Illustration work has commenced on the Winter Quarter, with lead artist Kevin John Jacob breaking ground on art for both The War and The Hunt. The latest in the adventures of the Resistance sees soldier Gibson and General Adam Knox in a fight for their lives and their souls against mysterious psychic forces that point towards a greater threat to all within Haven’s reach. And in the next chapter of the vagabond Valentina’s saga, a strange sensation comes over her in the company of a stranger who promises her a chance to relieve her mind of the tortures of the Colosseum.
Production continues to roll on with work on stories and exciting new exclusives under the paid subscription soon-to-be offered. These include the writing of Speedfreak Files III, the debut installments of audiobook drama Alan Firedale: Desert Delinquent, as well as devising concepts for an original story to be included in the forthcoming 2022 print collection.
Going to take a day off from this part of the digest. To be frank, I haven’t anything to complain about or wittily comment on.
So in the meantime, have some good old-fashioned Dennis Miller Live, just like your Grandma used to make on the tube back in the day. Now with 100% more Norm MacDonald! Don’t let the 400 lb. Gorilla clobber you on the way out.
To keep in the spirit of the season, we’ve laced this week’s caviar with a dash of arsenic. Couldn’t afford the old lace, so we’ll have to do without this time.
First up is our game for the evening. The brainchild of maverick dev Kenji Eno, it is the 1995 Warp interactive movie D for the 3DO, Sega Saturn, PS1, and MS-DOS.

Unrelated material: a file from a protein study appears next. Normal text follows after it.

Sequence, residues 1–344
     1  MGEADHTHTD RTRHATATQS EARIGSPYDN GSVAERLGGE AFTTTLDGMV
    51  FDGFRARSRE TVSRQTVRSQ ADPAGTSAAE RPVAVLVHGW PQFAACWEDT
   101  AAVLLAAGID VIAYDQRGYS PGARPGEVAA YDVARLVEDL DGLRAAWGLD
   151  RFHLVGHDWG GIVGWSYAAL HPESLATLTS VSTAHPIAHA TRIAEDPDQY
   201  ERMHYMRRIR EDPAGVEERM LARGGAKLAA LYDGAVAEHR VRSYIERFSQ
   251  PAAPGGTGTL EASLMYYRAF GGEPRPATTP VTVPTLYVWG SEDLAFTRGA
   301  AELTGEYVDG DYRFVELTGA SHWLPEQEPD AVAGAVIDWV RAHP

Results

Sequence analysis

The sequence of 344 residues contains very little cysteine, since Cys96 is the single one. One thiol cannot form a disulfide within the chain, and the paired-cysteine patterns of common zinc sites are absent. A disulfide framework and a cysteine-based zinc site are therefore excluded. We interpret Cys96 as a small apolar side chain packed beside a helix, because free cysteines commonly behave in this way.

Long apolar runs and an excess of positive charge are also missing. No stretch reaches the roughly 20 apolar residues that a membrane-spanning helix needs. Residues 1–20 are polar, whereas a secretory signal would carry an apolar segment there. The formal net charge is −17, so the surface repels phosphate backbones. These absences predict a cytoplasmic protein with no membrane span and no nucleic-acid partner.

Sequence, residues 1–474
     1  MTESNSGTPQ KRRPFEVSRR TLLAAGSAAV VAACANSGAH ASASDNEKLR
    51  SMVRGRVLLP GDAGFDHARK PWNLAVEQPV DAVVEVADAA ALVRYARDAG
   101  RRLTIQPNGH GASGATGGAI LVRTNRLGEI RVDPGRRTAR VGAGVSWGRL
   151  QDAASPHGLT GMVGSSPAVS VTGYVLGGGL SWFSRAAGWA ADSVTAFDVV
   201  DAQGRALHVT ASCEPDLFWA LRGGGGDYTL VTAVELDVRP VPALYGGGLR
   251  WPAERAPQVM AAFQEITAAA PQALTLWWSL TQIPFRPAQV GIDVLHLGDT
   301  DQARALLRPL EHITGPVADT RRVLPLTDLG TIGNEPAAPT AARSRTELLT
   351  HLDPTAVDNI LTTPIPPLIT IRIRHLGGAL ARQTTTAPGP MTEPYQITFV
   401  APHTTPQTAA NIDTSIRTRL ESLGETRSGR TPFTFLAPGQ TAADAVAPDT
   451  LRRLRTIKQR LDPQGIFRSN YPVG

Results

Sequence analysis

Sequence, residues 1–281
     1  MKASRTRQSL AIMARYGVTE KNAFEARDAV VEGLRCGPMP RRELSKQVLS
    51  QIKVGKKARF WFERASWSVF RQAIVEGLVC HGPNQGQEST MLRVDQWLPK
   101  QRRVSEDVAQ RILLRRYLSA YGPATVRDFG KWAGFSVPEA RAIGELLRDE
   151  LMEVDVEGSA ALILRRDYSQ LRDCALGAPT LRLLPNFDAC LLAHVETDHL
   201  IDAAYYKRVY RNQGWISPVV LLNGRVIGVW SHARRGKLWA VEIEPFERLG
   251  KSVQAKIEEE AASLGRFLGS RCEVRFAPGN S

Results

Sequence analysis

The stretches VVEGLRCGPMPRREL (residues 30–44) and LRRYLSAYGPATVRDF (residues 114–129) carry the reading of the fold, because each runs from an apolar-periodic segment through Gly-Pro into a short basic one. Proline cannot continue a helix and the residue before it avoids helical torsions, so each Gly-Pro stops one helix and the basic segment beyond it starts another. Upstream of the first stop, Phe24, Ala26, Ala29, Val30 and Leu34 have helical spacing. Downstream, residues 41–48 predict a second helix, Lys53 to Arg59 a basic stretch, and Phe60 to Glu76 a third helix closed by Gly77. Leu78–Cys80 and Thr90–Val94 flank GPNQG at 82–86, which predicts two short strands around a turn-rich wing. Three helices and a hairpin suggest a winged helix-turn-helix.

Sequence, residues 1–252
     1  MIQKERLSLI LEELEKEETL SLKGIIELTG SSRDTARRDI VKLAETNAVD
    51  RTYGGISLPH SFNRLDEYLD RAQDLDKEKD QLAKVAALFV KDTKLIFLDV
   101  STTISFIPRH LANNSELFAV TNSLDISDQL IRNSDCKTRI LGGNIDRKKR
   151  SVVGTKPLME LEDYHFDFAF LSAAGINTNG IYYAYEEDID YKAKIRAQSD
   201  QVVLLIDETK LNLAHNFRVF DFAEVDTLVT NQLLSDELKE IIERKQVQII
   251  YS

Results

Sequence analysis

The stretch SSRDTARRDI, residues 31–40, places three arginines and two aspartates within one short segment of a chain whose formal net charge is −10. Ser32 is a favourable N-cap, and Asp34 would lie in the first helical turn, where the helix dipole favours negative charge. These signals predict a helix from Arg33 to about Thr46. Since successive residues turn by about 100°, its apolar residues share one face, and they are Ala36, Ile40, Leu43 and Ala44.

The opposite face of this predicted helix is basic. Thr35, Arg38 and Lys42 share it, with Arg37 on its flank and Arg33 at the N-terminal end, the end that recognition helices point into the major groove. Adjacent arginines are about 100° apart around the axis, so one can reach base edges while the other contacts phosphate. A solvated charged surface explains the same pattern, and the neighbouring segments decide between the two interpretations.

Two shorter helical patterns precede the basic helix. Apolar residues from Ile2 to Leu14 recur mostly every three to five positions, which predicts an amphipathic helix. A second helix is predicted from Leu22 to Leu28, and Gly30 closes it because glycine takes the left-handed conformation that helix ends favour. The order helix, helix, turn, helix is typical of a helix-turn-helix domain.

The journey of a daughter into the madness of her father, D was a horror landmark in the gaming scene, spinning its tale across a two-hour time limit, and in the form of a sprawling CG full-motion video experience. The player takes control of Laura Harris, daughter of Doctor Richter Harris. In a fit of madness, the Doctor commits mass murder in his hospital, barricading himself in the building. Upon entry, however, it isn’t long before Laura is thrown into a inexplicable gothic castle and must find her father in the labyrinth.
With shadowy lighting schemes (sometimes bordering on too dark), a quietly chilling score, and some of the most unnerving gameplay scenarios to contend with, D forces its player to stew in an atmosphere that stands unmatched in terms of sheer discomfort. A particular sequence of note is when Laura opens a door to find a dead man chained to the wall. All the more unnerving is that fact that the invisible intersection between directions (and video clips) makes you sit and stare at the body. And in a modern gaming scene notoriously conditioned by jump scares, the undying suspense of wondering if our friend here is truly dead never fails to creep me out.
Most can easily highlight the 30-year-old computer graphics as dated, and many will find the puzzles nebulous in that classic (and contentious) adventure game way, but those hurdles stand an inch high when compared to the sheer overwhelming mood of the piece. Simply put, Eno forged a macabre cult favorite whose strengths in creating suspense and terror outweigh its weaknesses. The game stands as the first in a trinity, followed by 1996’s sci-fi horror Enemy Zero for the Saturn & PC, and spiritual sequel D2 for the Dreamcast in 1999.
Thankfully resurrected by the modern-day mavericks at Nightdive Studios in association with Throwback Entertainment, ‘tis the season to journey back into the L.A. National Hospital and unravel the mystery of D.
About as shocking as a sunset, but the Halloween season tends to be the season of the Sabbath.
The Black Sabbath in fact.